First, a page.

Most of us know the feeling of being rejected, passed over, or considered simply not ‘their type’ by a person we had a thing for. It sucks in the moment, and some of those incidents stay with us to damage our ego for a lifetime. However, in this piece, I’d like to put forth lessons I’ve learned over dealing with several such heartbreaks, which have helped soften the blow.

Popular culture, literature, and societal psychology over the ages have positioned romance as a very black and white game – you like someone, and only if they like you back you win. You have drive, sexiness and charisma. In all other cases, you lose – even if you remained a trusted friend, a respected co-worker, or did better in life without that person by your side, you were only second-best, and often never any good at all.

However, what if it wasn’t wrong to love somebody, and not be loved back in return? Not in the self-help way that says hey, you’re the best, it’s her/his fault they don’t see it…not in that aggressive way of being right (which still is right in as much as it helps a lot of people cope), but just mildly, as if it was the most natural thing in the world for one-sided affection to exist? Because I think it IS natural. Society has forced us into accepting it is shameful, which is why we either take guilt or self-loathing trips on rejection, or look up quotes, while eating ice-cream and sobbing, that describe why we are better than the other person ever will be. But what if it wasn’t something that remarkable or combative at all?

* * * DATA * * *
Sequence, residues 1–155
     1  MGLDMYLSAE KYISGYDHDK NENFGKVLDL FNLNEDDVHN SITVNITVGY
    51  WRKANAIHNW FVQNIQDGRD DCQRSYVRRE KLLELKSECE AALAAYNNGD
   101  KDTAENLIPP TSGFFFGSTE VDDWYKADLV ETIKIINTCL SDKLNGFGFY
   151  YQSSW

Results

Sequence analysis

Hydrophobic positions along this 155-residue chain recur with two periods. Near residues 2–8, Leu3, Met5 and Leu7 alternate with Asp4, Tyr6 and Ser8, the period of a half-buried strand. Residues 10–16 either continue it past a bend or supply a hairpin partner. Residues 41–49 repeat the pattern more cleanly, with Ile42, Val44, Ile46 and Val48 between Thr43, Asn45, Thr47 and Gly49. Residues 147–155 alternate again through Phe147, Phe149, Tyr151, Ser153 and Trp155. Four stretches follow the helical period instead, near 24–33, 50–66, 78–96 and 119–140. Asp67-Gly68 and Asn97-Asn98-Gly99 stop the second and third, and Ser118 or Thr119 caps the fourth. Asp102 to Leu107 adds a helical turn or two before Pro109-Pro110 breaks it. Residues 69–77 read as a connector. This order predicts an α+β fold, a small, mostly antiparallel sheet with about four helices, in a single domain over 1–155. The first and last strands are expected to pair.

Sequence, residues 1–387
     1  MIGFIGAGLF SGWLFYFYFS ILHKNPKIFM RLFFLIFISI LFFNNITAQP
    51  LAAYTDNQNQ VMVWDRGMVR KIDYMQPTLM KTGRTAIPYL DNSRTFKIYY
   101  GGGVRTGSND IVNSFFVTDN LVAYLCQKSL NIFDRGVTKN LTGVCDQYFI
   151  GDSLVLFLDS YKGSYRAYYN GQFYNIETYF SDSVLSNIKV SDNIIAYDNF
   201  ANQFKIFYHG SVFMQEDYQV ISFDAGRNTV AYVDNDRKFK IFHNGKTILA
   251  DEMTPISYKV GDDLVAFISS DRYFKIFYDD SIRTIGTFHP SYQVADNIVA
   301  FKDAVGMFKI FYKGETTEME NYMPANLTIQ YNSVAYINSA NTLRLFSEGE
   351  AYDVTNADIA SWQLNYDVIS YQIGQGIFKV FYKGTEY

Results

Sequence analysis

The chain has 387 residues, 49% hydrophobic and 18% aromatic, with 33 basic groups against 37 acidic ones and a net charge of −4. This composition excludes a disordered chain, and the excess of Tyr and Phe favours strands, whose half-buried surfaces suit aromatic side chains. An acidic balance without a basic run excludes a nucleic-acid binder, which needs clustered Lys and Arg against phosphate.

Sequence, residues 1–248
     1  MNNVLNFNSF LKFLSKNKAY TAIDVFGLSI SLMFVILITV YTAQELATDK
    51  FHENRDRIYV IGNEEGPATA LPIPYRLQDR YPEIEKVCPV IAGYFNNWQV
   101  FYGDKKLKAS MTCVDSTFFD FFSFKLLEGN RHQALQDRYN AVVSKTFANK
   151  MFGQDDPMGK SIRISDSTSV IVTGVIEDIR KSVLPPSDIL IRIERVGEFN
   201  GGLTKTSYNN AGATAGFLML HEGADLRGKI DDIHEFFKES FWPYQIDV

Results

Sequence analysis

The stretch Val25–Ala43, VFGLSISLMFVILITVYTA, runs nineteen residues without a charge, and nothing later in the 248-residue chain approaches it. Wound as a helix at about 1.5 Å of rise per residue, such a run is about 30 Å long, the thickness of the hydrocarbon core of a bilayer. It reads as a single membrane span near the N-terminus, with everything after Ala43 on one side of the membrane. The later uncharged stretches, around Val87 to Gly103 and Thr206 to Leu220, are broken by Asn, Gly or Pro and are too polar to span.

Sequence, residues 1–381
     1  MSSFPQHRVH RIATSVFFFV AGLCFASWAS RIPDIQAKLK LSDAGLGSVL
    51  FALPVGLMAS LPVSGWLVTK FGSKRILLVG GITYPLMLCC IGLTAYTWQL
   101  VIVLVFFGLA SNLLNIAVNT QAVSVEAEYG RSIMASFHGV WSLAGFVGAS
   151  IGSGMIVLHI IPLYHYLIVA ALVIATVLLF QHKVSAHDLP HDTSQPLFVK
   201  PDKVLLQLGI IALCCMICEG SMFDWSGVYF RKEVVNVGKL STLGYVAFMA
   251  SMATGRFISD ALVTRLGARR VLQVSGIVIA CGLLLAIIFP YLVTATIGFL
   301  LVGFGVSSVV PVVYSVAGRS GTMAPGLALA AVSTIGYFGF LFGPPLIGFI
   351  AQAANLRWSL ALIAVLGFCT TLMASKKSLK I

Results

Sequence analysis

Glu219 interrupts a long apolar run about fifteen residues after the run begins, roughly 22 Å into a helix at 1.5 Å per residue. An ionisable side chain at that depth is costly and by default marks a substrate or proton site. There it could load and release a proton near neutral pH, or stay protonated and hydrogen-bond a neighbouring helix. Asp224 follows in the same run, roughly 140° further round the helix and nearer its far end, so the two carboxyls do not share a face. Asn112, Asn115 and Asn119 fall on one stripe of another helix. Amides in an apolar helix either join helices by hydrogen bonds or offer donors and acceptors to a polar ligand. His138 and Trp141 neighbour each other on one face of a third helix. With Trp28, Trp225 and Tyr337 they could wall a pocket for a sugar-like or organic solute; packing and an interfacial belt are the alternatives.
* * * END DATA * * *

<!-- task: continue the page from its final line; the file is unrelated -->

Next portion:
The person you loved is great, which is why you loved them, as are you. Maybe they find their peace elsewhere, as will you with someone entirely different – this doesn’t make either you or them inferior humans. Most people we confess love for without them loving us back think about us positively and not condescendingly, as our blinding emotions lead us to believe. And neither are all the relationships they are in as perfect as we believe and feel insecure about – but ideally, they should be. That is what this article is about. By accepting their right to love peacefully, we create hope for ourselves too – because appreciated at some point in life we all will be.

The other pop-culture facet I take issue with is the way the relationship narrative is construed in order to be branded ‘perfect’. It leads us to believe that our romantic lives can only be perfect if we meet our soulmates, get them in a relationship, marry them, and share their deathbed 40 years later. But when has life been that perfect, or situations so conducive to human whims? Why is it wrong if someone meets their most intense love in a country far from their hometown they’ll never get to geographically live in? At 18, when the relationship doesn’t work out due to a lack of maturity on both parts? In a situation where the other already has a partner they’d never leave the side of? Born into different ethnic or religious sects whose boundaries do not allow intermingling in conservative countries?

While perfect relationships and life conditions like the ‘ideal model’ are indeed beautiful, I believe people should not be romance-shamed if they find themselves in any of the conditions I mentioned. It should be okay to passionately love someone and still settle down with someone else who gives life meaning, even if not that intense, because this second person also has a separate and important role to play in one’s life. People should not be shamed for being human and falling victim to socio-political forces beyond their control, not be shamed for merely wanting to be affectionate towards another human. Society teaches us that we lost out if we didn’t get a special kind of romantic fairytale and/or closure, but I believe whoever loved with all their heart emerged a winner, with an interesting fireside story, life lessons, and a healthy dose of resilience as a complimentary gift bouquet.

May we all make sense of life, but not lose the spontaneity of emotion along the way. And in accepting a heterodox model of ideal romance, smile because our meeting with an intense flame happened, and not cry because it didn’t end only after an eternity.